exceptions prove rules


While we’re on the subject of Bin Laden and an innocent and accidental mash-up of a MLK quote, I don’t think the attribution “controversy” (such as it is) isn’t the interesting thing here, it’s the sentiment. The genesis of the quote is from an English teacher in Japan, who posted her Facebook status thusly:


Which raises the question: If you don’t believe in the death penalty, and you don’t believe in killing other human beings, is it still okay to kill Osama bin Laden? In the morally relativistic world of adulthood, it can be answered with a shrug, but that’s not the world you live in if you’ve got kids.

When Lucy was about two and a half, we were driving along the West Side Highway in Manhattan, and the car conversation invariably turned to the giant gaping hole in the ground where the World Trade Center had been. Not one to let anything slip by uncommented, she pressed us on the issue. As any of you with kids knows, the words “September 11” are in the ether – short of hiding them in the attic, your offspring are going to hear those words, and they’re going to know they’re bad in some way.

I finally told her a very bad man knocked the two towers down, and she mentioned it every time we saw skyscrapers from Brooklyn – not in a scared way, just matter-of-fact. Fast-forward to this Monday morning, and Tessa felt like she had to say something to Lucy about the breaking news, since it was going to come up at school, somehow, someway.

“You remember that really bad man who knocked those towers down in New York, sweetie?” Tessa asked.

“Yeah,” Lucy responded.

“Well, he died last night.”

To which Lucy immediately asked, “Did we die him?”

“Yes,” Tessa said, “we did.”

Lucy has a habit of using nouns for verbs and making shit up on the fly, hence jewels like “the boys were swording each other on the playground” and something heartbreaking like “did we die him”. I found it pretty amazing that her first response upon hearing the news was the assumption Osama bin Laden did not die of natural causes.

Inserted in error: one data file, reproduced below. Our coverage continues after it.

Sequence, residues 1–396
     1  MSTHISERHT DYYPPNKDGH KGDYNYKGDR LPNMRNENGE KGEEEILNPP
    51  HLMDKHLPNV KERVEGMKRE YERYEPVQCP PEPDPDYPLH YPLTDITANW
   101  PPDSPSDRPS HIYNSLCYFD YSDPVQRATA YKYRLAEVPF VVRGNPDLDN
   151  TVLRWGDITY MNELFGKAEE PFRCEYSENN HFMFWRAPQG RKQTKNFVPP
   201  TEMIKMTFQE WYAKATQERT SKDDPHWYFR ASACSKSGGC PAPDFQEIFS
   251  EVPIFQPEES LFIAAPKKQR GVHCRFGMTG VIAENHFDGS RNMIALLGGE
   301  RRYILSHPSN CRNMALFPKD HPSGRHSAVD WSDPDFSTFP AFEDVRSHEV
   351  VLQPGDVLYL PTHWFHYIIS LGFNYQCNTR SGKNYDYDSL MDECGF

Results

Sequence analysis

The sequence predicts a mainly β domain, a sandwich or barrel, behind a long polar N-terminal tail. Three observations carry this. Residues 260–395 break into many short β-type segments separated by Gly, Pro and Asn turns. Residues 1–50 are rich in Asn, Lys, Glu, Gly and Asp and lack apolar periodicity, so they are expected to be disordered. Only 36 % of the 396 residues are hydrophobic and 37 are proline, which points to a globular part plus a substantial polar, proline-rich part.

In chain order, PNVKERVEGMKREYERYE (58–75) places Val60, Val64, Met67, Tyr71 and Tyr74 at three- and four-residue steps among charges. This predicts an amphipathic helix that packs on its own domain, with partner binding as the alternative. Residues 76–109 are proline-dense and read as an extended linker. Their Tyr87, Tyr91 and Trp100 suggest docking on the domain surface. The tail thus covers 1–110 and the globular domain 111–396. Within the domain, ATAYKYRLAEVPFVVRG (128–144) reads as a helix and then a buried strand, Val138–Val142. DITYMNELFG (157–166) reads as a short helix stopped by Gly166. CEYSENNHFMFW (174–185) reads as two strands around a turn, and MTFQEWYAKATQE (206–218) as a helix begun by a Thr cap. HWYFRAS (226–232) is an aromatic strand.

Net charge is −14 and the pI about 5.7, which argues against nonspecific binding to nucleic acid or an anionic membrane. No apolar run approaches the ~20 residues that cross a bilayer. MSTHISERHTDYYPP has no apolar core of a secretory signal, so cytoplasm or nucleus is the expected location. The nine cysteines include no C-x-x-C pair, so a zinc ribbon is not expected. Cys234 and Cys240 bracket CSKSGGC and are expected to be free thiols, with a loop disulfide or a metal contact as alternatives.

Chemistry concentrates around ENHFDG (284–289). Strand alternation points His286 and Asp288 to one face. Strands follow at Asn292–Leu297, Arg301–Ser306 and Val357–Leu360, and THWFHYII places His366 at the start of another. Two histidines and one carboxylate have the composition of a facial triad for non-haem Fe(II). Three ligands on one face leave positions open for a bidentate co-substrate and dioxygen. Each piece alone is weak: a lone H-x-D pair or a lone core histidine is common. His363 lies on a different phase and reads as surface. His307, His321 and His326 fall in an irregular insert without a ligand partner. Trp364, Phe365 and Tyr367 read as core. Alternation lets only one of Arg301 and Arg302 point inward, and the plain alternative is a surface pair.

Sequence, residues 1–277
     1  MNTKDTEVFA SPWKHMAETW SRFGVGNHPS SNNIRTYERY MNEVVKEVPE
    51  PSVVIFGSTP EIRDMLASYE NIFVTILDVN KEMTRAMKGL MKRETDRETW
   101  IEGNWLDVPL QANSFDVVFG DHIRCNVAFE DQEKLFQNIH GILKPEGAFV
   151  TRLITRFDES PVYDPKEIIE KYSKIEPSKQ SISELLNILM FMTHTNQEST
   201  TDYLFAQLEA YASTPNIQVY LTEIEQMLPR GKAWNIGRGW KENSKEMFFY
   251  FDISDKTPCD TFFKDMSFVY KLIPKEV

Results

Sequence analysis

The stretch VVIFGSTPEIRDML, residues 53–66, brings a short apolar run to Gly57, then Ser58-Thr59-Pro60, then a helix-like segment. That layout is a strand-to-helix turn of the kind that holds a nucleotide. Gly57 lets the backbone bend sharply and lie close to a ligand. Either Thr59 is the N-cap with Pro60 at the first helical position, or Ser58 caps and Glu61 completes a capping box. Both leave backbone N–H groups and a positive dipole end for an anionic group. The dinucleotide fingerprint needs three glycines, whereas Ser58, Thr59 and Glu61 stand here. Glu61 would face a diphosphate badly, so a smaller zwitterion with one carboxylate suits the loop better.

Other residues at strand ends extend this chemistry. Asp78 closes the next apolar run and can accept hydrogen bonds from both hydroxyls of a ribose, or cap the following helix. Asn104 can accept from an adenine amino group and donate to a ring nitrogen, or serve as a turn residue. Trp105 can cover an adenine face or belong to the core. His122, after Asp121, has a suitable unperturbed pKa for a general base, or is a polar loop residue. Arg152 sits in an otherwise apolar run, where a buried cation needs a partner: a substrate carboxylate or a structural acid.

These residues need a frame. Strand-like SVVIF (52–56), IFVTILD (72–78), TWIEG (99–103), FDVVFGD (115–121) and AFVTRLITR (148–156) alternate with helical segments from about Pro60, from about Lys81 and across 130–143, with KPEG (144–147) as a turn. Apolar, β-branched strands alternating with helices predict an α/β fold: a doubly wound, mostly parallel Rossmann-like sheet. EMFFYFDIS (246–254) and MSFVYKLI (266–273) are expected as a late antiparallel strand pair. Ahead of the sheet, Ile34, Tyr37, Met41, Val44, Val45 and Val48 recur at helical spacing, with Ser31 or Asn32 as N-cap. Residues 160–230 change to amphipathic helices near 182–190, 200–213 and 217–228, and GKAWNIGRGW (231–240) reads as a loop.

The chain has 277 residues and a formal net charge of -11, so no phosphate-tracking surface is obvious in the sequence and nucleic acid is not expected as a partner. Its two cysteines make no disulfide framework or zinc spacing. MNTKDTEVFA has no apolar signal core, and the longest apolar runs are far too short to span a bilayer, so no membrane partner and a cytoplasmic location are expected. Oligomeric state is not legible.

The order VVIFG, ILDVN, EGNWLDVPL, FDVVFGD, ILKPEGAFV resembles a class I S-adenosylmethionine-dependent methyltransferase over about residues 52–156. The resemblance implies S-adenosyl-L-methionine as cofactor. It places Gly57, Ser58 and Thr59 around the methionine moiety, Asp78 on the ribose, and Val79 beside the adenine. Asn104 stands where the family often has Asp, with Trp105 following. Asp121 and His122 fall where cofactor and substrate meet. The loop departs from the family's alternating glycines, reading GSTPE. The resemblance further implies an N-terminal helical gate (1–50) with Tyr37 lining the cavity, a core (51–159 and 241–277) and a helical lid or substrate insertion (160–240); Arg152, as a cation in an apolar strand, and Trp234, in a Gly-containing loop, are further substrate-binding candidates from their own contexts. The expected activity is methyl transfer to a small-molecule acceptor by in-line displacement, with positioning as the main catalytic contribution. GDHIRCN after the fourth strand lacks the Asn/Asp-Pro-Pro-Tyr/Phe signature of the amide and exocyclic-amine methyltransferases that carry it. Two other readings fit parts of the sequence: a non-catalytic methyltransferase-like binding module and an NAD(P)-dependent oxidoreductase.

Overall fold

Often the way you keep your kid from freaking out about something is to act as if everything is natural and suspected – after all, they get most of their cues from you. When my Auntie Donna died, we did a pretty good job of being honest and loving about it with Lucy, and she responded in kind. But this is different, because we – as a country – went into another country, found someone we’d been looking for, and murdered him. It’s pretty hard to make up a cute parable for that one.

Part of the overwhelming jumble of emotions I experienced Sunday night was unadulterated jubilation. I wanted that motherfucker dead, and I would have been willing to take a crowbar to the back of his head for what he did to New York City and my psyche. But I am devoutly against capital punishment, like to consider myself a pacifist, and Buddhism is the only “religion” that has ever struck me at the soul. So what am I made of, really?

There’s an internet meme called Godwin’s Law, which states that every argument, if carried on long enough, eventually mentions Hitler, in which case the argument itself is rendered irrelevant. But this is one time when mentioning Hitler is warranted, because Bin Laden hits Americans in the same place. He evokes similar rage, gouges at a similar wound. Sure, we nominally would have taken Bin Laden alive, but like Hitler, is that a trial we wanted to experience?

Even the usually-equanimous Jon Stewart admitted last night he was far too close to the subject matter to be rational; instead, he relished Al Qaeda’s demise, saying they might attack us again, but even if they do…

“…you know who won’t see it? Bin Laden. ‘Cause we shot out his eyes, and now he lives in a pineapple under the sea!”

I share his enthusiasm, and to be honest, much of the hand-wringing I’ve seen among my cohorts smacks of weenie-minded namby-pambyism from people who feel massive relief Bin Laden is dead, but still want to feel as though killing people is wrong. Weirdly, I share their unease. And you can bet your ass this paradox will not be lost on our kids.

But maybe that’s just life. You can strive for ideological purity, but when it comes down to it, if you invent a time machine, you kinda have to go back and put a bullet in Hitler’s brain. Perhaps “I don’t believe in killing anybody, but I would kill Bin Laden” isn’t necessarily a logical fallacy. Only question is, how do you explain it to a 6-year-old?


Lucy pontificates from back seat of car, June 2008